GDPR Could Become a Costly Millstone that Slows Down Business Agility

May 10, 2018

The General Data Protection Regulation (GDPR) has been one of the large ticket items for IT departments in the last year. According to PWC, 68% of large US multinationals will have spent between $1 million and $10 million on GDPR readiness and compliance in the lead up to the May 25, 2018 deadline. Forrester Research reported that 48% of mid-size to large companies in the US, UK, Germany, and France would spend at least $1 million with 15% earmarking over $5 million for GDPR compliance.  

This may only be a small portion of the overall IT spend Gartner is predicting for the enterprise software market in 2018, but it is still a significant expenditure for most companies; and as such it is dangerous to assume GDPR will be a one-off line item in IT budgets, which will stop being a concern after May 25th.  Also, this deadline comes at a time when businesses are already under significant pressure to transform their businesses into more agile, flexible organizations able to fend off emerging market and digitally savvy competitors. This adds to the challenges facing IT organizations who know there are a number of “what if” scenarios they may have to deal with; the biggest being, “what if your initial GDPR investment is not sufficient to get your organization ready?” And if that “if” comes true, how do you ensure GDPR does not become a costly millstone preventing your business from becoming more agile and ready for the digital business era?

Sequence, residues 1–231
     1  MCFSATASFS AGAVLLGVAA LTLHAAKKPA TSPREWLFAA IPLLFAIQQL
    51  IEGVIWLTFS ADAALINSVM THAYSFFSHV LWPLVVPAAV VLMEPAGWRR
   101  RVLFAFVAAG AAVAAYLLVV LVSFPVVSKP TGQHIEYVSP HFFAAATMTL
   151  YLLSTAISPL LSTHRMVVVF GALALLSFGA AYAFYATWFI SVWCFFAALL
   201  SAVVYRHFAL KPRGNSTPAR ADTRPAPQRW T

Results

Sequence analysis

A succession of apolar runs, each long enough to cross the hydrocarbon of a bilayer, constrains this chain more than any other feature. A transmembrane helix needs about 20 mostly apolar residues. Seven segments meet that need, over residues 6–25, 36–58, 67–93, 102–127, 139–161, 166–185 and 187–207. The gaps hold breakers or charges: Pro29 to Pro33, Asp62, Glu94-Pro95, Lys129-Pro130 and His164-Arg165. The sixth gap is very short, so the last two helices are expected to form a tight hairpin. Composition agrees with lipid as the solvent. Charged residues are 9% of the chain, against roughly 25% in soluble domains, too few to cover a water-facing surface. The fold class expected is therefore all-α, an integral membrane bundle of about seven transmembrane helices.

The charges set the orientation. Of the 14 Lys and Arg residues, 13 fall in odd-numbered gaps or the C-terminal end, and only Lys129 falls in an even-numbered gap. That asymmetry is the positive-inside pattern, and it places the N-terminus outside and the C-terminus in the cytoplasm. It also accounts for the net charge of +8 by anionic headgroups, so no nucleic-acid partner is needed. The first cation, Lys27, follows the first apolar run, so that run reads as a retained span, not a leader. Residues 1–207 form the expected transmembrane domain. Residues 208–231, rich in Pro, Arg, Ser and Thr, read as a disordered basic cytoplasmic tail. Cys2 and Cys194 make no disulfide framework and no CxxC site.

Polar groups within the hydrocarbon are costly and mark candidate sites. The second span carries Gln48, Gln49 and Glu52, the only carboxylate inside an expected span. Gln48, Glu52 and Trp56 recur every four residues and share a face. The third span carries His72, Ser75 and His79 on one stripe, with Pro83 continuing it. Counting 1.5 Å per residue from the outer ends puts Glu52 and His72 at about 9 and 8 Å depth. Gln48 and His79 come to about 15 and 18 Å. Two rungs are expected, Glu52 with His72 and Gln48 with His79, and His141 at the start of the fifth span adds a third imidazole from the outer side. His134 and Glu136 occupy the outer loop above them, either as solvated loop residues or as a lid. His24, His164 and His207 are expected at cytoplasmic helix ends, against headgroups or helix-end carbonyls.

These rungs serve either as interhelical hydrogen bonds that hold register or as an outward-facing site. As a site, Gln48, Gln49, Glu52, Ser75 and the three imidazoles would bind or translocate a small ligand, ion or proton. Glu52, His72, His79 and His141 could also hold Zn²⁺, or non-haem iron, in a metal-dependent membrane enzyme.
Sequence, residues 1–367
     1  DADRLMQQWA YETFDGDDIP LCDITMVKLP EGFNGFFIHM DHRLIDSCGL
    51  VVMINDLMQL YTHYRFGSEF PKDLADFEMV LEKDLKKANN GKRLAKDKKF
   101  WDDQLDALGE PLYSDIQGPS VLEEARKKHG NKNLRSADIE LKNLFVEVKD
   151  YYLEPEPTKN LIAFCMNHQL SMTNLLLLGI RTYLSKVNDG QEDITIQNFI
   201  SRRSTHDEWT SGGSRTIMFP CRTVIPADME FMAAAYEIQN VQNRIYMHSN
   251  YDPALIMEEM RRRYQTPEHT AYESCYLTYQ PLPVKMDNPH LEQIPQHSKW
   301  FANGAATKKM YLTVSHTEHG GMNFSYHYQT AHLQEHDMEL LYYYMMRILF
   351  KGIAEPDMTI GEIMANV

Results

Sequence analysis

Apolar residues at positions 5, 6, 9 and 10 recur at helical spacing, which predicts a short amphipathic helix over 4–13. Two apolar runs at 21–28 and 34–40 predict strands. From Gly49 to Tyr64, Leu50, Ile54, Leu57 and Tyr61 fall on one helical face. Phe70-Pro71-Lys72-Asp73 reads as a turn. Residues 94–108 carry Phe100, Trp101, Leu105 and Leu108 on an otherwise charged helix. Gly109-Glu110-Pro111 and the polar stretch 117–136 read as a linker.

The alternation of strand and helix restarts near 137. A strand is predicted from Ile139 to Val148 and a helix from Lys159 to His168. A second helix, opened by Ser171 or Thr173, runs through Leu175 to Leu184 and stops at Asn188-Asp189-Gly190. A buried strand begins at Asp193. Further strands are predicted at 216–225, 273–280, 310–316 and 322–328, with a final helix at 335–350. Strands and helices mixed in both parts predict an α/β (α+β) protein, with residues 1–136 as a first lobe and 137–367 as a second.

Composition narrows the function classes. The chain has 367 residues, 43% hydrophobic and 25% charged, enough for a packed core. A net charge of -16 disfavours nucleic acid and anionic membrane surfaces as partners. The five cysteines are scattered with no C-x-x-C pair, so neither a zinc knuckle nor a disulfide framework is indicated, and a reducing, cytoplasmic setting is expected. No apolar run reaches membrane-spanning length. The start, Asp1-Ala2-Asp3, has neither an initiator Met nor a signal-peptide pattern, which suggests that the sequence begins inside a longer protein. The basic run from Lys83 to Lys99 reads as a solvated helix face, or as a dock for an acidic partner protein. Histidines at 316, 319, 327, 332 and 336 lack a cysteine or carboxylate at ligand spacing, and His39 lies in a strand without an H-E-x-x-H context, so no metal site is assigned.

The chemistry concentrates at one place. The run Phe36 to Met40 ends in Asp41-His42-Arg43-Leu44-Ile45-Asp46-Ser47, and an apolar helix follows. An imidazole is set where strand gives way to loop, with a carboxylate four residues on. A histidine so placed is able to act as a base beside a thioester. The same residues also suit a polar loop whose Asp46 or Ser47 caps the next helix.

Many organizations have taken a long-term approach to GDPR, integrating it into broader digital transformation initiatives designed to modernize existing infrastructures while building in the flexibility to meet the terms of these data protection laws. Such organizations are one step ahead, but they still need to remain vigilant for “mission creep,” because GDPR will evolve and will require IT systems to respond. This will demand agility that historically is difficult to achieve within the confines of legacy infrastructure without adding significant costs to implementations.  Companies will need to be careful to avoid the spiralling costs, but this can be done by building a core IT architecture that is designed with agility and collaboration in mind. It will allow the disparate data management applications to share information, so that it is simple to fulfil critical aspects of GDPR regulation. Likewise for those companies who have not yet rolled out their plans or are still wondering how they can fund it, it is important to see GDPR not just as an “add-on,” but as an opportunity to create an underlying architecture, whose core purpose enables collaboration between applications, as this will provide the flexibility to deliver compliance today and into the future.